In a totally upsetting turn of events, Google has just announced the end of Reader. While we can’t possibly fathom who, what, why, or how this was decided, we’re anxious for an equally robust and clean alternative. Here are 6 options that just might fit the bill. (For even more alternatives, head to!)

1. Feedly (Free for iOS, Android, Web): Feedly takes your favorite things about Google Reader (the ability to subscribe to specific urls or topics) and serves up so much more. In addition to acting as a reader, Feedly offers up a menu of featured sites and blogs, with categories ranging from design to politics and everything in between. The interface is a nice combo of well-designed and easy to read. Our favorite feature is definitely “Save for Later” which lets you… save articles for later ;)

2. Flipboard (Free for iOS, Android): Described as a social magazine, Flipboard is all about discovering and sharing content from blogs and websites you want to follow as well as your social media feeds. Subscribe to categories like DIY or Design and flip through the latest and greatest articles. Sync up your Facebook account and read your newsfeed like a series of articles.

3. Pulse (Free for iOS, Android, Web): Like Flipboard, Pulse serves up a gorgeous interface for scrolling and swiping through all the sites and topics you choose to follow. The home screen is totally customizable, allowing you to reorder your feed as you see fit. It’s definitely worth taking a few minutes to create the perfect reading experience for you. Our favorite feature? You can send saved stories right to Evernote!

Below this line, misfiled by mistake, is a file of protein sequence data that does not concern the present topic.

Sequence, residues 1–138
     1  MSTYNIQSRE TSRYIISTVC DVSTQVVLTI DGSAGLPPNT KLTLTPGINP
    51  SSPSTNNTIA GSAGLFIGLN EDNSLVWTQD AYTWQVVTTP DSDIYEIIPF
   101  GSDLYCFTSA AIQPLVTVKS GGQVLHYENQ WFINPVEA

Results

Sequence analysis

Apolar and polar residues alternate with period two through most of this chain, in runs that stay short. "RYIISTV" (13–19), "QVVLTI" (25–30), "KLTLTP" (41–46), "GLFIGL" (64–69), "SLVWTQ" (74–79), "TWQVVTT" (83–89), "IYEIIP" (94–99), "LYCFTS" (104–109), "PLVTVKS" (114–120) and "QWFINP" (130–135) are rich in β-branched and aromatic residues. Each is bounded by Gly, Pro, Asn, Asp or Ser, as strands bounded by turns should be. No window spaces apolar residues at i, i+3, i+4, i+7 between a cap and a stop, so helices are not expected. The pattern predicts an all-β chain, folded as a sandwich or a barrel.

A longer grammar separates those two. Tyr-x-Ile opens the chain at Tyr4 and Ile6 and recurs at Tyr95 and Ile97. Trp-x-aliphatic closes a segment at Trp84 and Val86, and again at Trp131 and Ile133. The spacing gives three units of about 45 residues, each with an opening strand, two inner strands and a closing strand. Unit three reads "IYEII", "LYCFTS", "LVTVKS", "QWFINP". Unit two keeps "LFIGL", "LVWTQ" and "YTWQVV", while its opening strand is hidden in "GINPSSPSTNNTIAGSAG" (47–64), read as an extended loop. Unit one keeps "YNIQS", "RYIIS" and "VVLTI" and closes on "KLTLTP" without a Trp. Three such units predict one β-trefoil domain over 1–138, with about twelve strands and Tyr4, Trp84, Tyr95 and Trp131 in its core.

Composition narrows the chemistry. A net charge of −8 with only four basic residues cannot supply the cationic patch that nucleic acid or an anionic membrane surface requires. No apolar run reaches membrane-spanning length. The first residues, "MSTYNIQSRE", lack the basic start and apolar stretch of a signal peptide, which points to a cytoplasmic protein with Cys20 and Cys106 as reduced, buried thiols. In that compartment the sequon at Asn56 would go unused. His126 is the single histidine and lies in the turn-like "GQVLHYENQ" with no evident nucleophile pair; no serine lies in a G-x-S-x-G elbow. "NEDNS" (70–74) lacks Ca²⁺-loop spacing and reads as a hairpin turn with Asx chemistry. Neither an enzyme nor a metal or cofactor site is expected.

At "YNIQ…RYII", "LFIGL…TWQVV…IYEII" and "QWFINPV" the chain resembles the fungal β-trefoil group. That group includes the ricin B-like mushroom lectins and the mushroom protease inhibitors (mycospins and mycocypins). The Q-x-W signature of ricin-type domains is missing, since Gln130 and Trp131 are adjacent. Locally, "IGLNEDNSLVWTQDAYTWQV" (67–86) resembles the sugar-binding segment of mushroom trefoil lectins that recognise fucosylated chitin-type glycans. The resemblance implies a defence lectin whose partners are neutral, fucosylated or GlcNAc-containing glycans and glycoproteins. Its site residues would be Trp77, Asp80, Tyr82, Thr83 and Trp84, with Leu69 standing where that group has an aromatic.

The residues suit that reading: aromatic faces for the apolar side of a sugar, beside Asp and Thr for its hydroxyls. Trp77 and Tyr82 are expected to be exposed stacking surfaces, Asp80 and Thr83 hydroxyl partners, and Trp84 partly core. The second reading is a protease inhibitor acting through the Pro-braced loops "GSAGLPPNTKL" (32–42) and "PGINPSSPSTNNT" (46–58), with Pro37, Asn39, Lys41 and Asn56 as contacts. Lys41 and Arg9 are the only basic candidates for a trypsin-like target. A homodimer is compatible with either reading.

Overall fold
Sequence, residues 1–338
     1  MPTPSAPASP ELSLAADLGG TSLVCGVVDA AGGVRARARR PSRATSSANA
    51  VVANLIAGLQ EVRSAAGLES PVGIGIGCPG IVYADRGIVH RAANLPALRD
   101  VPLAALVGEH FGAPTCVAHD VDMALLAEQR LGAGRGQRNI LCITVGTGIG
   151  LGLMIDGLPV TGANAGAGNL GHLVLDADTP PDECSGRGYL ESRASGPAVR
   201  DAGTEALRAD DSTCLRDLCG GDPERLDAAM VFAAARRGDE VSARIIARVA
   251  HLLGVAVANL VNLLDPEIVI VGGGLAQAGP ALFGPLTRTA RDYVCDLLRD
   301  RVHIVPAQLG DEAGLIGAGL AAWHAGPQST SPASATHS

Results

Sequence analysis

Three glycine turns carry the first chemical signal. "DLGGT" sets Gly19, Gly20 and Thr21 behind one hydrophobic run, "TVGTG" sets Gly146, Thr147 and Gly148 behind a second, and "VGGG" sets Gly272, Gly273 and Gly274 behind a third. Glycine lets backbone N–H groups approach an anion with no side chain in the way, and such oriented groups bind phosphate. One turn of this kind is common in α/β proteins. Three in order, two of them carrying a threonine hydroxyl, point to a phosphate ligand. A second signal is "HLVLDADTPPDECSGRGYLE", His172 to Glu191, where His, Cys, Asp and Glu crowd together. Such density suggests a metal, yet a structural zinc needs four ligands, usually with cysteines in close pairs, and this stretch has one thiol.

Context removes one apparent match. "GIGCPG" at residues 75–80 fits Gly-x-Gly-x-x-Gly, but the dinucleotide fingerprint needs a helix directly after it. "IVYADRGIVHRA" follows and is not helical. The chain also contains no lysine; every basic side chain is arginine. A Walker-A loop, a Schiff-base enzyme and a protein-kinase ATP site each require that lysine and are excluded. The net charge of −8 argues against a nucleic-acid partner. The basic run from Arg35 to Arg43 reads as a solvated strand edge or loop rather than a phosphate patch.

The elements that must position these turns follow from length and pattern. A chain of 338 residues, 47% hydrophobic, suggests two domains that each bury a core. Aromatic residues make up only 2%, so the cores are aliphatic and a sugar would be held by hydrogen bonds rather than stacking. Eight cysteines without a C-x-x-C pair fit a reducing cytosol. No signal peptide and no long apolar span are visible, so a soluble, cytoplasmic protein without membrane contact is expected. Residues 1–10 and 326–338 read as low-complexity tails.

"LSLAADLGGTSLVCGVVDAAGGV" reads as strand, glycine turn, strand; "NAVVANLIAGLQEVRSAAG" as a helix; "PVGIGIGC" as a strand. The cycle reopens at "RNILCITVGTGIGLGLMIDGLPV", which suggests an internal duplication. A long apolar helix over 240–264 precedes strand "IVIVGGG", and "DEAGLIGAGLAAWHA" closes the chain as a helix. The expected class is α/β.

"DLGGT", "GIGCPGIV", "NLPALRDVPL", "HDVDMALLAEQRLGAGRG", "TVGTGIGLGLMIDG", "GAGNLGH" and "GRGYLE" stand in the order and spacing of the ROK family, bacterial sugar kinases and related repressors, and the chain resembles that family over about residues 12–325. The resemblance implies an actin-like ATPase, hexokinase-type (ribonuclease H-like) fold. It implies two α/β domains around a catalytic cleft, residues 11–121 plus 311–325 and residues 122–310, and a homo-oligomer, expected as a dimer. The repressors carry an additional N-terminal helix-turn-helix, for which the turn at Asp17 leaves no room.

4. Reeder ($2.99 for iPhone, $4.99 for iPad, $4.99 for Mac): At a glance, Reeder looks a lot like Mac mail. It’s an RSS reader that feels much more like an OS X experience than anything else we’ve seen. It is segmented into three panes: the RSS feed column, title and excerpts column, and the main content area. It’s easy to scroll through articles while seeing new ones come in, and it’s super easy to share to Twitter, Pintereset, Evernote, and more.

5. Taptu (Free for iOS, Android, Blackberry, Web): With the tagline “DJ Your News,” Taptu is all about the customizable feed experience. Like Flipboard and Pulse, Taptu serves up a visual interface for scrolling through your favorite feeds, and lets you add Twitter and Facebook feeds. Like Google Reader, it’s super easy to build your own stream from scratch, using your favorite urls and topics.

6. Netvibes (Free): Last on the list, we’ve got NetVibes! NetVibes is a dashboard for basically everything online. Monitor all of your apps, feeds, Tweets, and more all in once place. In terms of acting as a replacement for Reader, Netvibes has made it ridiculously easy to migrate all of your RSS feeds from Reader to Netvibes making it a pretty instant win for those addicted to Reader.

Are you a Google Reader user? If so, what alternative will you turn to? If not, how do you read your favorite feeds? Talk to us in the comments below.